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Wage shocks and consumption variability in Mexico during the 1990s

  • Attanasio, Orazio P.
  • Szekely, Miguel

This paper presents evidence on the relationship between economic shocks to relative male wages and changes in household consumption in Mexico during the 1990s, which is a period characterized by high volatility. In addition to performing this type of analysis for Mexico for the first time, the paper makes two main contributions. The first is the use of alternative data sources to construct instrumental variables for wages. The second is to examine differences across four consumption categories: non-durable goods, durable goods, education and health. Our results for non-durable goods consumption reject the hypothesis that Mexican households are able to insure idiosyncratic risk. For the comparisons across consumption categories, the conclusion is that households in Mexico tend to react to temporary shocks by contracting the consumption of goods that represent longer-run investment in human capital, which makes them more vulnerable in the future.

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Article provided by Elsevier in its journal Journal of Development Economics.

Volume (Year): 73 (2004)
Issue (Month): 1 (February)
Pages: 1-25

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Handle: RePEc:eee:deveco:v:73:y:2004:i:1:p:1-25
Contact details of provider: Web page: http://www.elsevier.com/locate/devec

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  1. Townsend, R.M., 1991. "Risk and Insurance in Village India," University of Chicago - Economics Research Center 91-3, Chicago - Economics Research Center.
  2. Attanasio, Orazio & Davis, Steven J, 1996. "Relative Wage Movements and the Distribution of Consumption," Journal of Political Economy, University of Chicago Press, vol. 104(6), pages 1227-62, December.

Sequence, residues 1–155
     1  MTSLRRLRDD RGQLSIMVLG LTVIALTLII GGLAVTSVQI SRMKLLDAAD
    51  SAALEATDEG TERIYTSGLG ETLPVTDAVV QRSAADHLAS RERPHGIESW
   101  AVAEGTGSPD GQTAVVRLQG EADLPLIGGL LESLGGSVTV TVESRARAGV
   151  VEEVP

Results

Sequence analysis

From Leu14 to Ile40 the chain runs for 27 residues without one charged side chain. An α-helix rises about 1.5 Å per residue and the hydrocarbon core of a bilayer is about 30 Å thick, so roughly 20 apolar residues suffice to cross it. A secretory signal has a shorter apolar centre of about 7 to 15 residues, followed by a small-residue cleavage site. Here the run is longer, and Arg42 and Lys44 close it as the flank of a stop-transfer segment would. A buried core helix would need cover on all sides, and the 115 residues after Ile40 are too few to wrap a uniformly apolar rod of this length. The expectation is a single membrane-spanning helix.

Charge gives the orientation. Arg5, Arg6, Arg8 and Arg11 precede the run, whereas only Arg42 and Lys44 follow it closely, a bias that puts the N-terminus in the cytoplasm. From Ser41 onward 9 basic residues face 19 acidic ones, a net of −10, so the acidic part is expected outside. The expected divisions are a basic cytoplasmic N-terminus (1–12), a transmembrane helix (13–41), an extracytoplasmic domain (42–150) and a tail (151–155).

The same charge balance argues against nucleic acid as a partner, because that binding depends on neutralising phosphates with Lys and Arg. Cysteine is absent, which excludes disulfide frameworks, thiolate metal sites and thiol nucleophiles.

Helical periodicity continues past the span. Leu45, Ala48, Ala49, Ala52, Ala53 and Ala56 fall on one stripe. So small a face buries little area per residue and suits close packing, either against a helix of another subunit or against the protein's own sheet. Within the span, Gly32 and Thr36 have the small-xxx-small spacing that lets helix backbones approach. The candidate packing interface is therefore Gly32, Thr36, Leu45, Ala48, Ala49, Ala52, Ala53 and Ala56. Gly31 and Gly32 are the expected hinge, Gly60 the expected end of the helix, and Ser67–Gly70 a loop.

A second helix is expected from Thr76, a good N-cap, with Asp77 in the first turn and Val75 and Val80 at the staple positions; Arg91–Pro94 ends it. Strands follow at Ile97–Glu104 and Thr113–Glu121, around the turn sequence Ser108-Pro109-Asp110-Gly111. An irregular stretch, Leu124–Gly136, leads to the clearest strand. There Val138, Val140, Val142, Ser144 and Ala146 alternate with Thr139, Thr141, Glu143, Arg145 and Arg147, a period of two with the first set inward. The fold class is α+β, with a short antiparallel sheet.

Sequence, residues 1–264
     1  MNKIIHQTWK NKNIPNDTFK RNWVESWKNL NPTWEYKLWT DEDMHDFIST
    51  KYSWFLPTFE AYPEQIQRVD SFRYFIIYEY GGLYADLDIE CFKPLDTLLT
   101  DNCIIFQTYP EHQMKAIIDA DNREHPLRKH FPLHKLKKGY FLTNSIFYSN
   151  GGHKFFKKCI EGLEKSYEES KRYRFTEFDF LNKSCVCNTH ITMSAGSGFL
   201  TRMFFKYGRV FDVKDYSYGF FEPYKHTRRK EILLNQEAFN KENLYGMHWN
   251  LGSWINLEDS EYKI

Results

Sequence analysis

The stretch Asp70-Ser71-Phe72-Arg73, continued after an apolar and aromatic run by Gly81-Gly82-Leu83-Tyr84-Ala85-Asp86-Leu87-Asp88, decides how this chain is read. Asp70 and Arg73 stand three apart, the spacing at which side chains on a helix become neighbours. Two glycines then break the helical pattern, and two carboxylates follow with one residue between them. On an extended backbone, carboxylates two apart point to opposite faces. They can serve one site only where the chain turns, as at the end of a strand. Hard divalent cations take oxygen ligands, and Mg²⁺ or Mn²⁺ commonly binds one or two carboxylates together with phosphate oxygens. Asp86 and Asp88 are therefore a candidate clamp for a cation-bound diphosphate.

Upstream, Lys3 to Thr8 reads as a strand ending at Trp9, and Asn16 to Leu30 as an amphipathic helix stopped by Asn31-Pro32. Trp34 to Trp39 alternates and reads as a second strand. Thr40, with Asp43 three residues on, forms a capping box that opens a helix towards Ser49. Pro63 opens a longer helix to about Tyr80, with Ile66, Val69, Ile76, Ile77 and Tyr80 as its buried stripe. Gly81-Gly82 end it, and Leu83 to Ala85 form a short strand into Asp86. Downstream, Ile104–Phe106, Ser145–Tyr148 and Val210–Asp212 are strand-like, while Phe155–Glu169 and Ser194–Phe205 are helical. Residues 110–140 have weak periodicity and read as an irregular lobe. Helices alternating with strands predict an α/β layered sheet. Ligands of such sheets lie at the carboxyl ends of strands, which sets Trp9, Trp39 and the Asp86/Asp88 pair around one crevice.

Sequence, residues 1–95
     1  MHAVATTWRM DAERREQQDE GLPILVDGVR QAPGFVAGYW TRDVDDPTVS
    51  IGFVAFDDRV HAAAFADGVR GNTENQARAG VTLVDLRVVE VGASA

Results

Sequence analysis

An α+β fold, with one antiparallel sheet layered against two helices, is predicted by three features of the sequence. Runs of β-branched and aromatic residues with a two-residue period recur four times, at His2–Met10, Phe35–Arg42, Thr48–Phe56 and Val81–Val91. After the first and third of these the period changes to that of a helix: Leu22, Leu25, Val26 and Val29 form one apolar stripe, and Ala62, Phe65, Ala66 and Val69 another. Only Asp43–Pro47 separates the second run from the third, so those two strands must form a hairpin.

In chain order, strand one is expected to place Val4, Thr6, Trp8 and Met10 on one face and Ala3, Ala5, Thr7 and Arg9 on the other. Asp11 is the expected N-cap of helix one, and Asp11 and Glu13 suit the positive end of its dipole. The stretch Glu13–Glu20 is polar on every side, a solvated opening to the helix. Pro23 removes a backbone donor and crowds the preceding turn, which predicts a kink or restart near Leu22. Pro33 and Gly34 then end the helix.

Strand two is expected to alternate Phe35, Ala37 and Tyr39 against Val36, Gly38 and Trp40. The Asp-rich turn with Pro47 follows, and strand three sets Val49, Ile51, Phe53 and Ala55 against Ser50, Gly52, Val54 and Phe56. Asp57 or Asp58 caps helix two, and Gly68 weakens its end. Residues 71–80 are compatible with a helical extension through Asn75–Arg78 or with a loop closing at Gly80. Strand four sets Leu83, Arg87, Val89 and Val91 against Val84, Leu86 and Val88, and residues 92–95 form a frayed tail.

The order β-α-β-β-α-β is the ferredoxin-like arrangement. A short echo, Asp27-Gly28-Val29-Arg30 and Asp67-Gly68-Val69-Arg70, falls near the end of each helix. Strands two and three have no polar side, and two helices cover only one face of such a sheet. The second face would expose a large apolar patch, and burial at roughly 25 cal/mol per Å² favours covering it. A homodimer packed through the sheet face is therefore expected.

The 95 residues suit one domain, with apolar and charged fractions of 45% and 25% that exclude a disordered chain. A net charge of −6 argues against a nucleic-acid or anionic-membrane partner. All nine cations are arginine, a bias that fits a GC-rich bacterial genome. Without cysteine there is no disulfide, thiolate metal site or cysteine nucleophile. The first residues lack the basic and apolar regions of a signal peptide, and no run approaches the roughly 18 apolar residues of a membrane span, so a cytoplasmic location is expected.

3. Orazio P. Attanasio & Tullio Jappelli, 2001. "Intertemporal Choice And The Cross-Sectional Variance Of Marginal Utility," The Review of Economics and Statistics, MIT Press, vol. 83(1), pages 13-27, February.
  4. Eduardo Fernández-Arias & Ricardo Hausmann, 2000. "The Redesign of the International Financial Architecture from a Latin American Perspective: Who Pays the Bill?," IDB Publications (Working Papers) 6480, Inter-American Development Bank.
  5. Deaton, A. & Paxson, C., 1993. "Intertemporal Choice and Inequality," Papers 168, Princeton, Woodrow Wilson School - Development Studies.
  6. Martin Browning & Thomas Crossley, . "Shocks, stocks and socks: consumption smoothing and the replacement of durables during an unemployment spell," Canadian International Labour Network Working Papers 27, McMaster University.
  7. Jappelli, Tullio & Pistaferri, Luigi, 2005. "Intertemporal choice and consumption mobility," CFS Working Paper Series 2005/28, Center for Financial Studies (CFS).
  8. Miguel Székely & Nancy Birdsall & Jere R. Behrman, 2000. "Economics Reform and Wage Differentials in Latin America," Research Department Publications 4235, Inter-American Development Bank, Research Department.
  9. Jalan, Jyotsna & Ravallion, Martin, 1999. "Are the poor less well insured? Evidence on vulnerability to income risk in rural China," Journal of Development Economics, Elsevier, vol. 58(1), pages 61-81, February.
  10. Cochrane, John H, 1991. "A Simple Test of Consumption Insurance," Journal of Political Economy, University of Chicago Press, vol. 99(5), pages 957-76, October.
  11. Jacoby, Hanan G & Skoufias, Emmanuel, 1997. "Risk, Financial Markets, and Human Capital in a Developing Country," Review of Economic Studies, Wiley Blackwell, vol. 64(3), pages 311-35, July.
  12. Mace, Barbara J, 1991. "Full Insurance in the Presence of Aggregate Uncertainty," Journal of Political Economy, University of Chicago Press, vol. 99(5), pages 928-56, October.
  13. Richard Blundell & Ian Preston, 1998. "Consumption Inequality And Income Uncertainty," The Quarterly Journal of Economics, MIT Press, vol. 113(2), pages 603-640, May.
  14. Rosenzweig, Mark R. & Wolpin, Kenneth I., 1989. "Credit Market Constraints, Consumption Smoothing and the Accumulation of Durable Production Assets in Low-Income Countries: Investments in Bullocks in India," Bulletins 7487, University of Minnesota, Economic Development Center.
  15. Orazio Attanasio & Gabriella Berloffa & Richard Blundell & Stephen Redding, 2002. "From wages to consumption inequality: tracking shocks," IFS Working Papers W02/20, Institute for Fiscal Studies.
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